The reason I docked it a star was because I felt the section on Women and China, while somewhat accurate, missed the point of the positives that came out of the Maoist period. I won't use this forum to discuss this unrelated topic other than to say the alternative argument is actually equally as compelling. His treatment of this one topic in this manner is striking in a book that is more fair than most in its depiction of the weirdness that was China during the last century.

I would definitely consider assigning this book for a classroom, but would consider adding alternative opinion pieces to certain sections.
Chinese politics is incredibly tricky. We tend to think of Mao and Deng so dominating this nation that we forget that no one, not even Mao, can rule 1 billion people without a bureaucracy. I agree with the review below that someone trying to look in depth at a topic in Chinese politics will not be satisfied with this work. That's not its point, though. This and Baum's Burying Mao are two books that a reasonably intelligent reader can read on their own in order to get the basics. This does not deal much with international policy or with explicit comparisons between the Soviet and Chinese states. However, Lieberthal lays out clearly the ministries, their responsibilities and what happened when Mao, in his staggeringly limited vision, decided to bypass the massive structures that made the nation work.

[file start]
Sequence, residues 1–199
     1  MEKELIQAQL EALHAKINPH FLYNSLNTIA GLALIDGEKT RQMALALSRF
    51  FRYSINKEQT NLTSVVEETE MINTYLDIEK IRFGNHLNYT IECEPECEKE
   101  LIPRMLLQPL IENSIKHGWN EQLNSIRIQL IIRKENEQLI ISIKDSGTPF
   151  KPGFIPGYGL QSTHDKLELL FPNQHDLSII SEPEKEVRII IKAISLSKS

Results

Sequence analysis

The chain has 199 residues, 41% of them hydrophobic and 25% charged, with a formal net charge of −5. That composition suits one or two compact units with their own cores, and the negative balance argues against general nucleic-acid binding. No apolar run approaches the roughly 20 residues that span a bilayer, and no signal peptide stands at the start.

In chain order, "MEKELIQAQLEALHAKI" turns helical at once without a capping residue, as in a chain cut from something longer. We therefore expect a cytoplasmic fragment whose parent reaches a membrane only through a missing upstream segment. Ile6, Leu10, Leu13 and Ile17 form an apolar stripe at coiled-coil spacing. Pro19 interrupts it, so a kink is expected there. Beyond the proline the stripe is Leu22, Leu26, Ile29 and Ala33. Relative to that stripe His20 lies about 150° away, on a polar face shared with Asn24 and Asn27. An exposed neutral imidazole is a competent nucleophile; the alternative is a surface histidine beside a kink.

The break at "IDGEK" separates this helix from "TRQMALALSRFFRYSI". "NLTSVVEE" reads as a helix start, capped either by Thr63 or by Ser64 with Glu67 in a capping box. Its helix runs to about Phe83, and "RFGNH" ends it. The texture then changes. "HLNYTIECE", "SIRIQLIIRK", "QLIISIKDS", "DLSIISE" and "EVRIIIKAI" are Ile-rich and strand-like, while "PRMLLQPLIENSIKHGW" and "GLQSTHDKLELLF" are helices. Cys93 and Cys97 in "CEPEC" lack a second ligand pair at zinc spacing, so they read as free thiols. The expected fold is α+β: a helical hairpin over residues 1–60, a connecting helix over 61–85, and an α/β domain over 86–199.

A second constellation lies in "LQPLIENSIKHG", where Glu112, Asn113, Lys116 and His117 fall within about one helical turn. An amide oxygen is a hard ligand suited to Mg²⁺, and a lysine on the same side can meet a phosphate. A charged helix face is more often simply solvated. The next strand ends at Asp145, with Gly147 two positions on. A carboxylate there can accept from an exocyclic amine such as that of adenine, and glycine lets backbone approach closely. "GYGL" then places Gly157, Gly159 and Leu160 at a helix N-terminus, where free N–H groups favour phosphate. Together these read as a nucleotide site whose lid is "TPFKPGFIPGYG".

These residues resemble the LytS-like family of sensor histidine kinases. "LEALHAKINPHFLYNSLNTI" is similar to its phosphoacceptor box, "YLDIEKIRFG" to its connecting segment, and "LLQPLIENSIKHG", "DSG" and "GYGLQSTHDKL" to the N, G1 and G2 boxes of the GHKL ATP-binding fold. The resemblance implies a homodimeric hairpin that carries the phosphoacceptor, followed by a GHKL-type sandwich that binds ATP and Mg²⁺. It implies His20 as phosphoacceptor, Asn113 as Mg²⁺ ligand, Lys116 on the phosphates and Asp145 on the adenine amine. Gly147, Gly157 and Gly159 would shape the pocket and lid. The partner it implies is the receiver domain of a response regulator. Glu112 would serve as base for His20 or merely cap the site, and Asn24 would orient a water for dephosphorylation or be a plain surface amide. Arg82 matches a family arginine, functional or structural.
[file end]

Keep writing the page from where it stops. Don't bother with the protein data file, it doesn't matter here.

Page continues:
Though limited temporally, this sets the stage for the rise of the Chinese Communists and works allows a reader, without wading through too much minutae, to understand what it was that Mao set out to accomplish, how much Deng undid, and what was actually set into motion within the Party and government when these two historical giants flung the nation at a new idea.
People who have read other books on China will get a lot out of this, because so much of it focuses on the way China's government functions and the way different areas of the government interact with one another (which is missed in other books). Other reviews have rightly stated that China's foreign policy and other areas are left out of the discussion. Books by Andrew Nathan ("Great Wall & Empty Fortress" for foreign policy), Nicholas Lardy ("Integrating China into the Global Economy"), and John Bryan Starr ("Understanding China" for a general overview) should be read first in my opinion before picking up this book.